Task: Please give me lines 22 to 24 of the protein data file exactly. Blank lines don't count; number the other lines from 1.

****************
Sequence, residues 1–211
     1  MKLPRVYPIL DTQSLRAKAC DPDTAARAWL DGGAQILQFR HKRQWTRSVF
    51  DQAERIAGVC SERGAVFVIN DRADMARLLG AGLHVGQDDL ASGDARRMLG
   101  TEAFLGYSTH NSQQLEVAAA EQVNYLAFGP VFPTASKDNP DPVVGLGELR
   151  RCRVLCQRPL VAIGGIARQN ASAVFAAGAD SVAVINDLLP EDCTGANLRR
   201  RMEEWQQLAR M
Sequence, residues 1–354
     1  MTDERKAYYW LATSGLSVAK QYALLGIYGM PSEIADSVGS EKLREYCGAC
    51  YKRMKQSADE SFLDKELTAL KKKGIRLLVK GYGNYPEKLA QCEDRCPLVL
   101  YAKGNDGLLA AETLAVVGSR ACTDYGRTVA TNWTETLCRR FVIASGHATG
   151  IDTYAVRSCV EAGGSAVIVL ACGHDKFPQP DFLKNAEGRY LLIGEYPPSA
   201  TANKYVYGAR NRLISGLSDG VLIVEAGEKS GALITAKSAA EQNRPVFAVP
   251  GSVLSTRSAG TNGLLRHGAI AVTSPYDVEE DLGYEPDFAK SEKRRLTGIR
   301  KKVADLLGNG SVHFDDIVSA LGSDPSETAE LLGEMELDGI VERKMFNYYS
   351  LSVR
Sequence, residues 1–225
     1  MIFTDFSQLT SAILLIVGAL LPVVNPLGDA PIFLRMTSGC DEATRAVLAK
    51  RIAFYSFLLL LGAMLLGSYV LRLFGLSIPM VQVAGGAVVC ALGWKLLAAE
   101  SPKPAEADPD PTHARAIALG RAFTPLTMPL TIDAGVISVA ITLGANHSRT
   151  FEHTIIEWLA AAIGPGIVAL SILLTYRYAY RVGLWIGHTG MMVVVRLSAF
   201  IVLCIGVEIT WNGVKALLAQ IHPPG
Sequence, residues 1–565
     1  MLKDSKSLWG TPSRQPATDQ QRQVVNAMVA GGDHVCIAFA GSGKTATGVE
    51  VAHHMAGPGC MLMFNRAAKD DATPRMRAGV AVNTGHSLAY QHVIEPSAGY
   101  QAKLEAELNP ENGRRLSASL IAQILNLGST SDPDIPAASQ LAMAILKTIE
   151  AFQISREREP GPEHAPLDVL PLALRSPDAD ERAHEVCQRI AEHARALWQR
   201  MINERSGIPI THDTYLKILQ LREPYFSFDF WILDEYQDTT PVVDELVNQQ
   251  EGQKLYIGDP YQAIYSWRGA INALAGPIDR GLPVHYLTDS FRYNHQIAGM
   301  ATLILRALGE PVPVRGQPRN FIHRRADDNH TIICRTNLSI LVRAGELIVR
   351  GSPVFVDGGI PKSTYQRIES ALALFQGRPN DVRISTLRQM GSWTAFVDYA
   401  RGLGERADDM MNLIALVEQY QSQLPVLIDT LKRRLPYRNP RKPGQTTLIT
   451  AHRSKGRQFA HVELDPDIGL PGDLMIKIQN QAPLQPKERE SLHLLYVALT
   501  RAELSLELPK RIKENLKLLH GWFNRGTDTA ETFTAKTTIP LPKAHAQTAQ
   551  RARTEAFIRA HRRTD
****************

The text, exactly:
Sequence, residues 1–565
     1  MLKDSKSLWG TPSRQPATDQ QRQVVNAMVA GGDHVCIAFA GSGKTATGVE
    51  VAHHMAGPGC MLMFNRAAKD DATPRMRAGV AVNTGHSLAY QHVIEPSAGY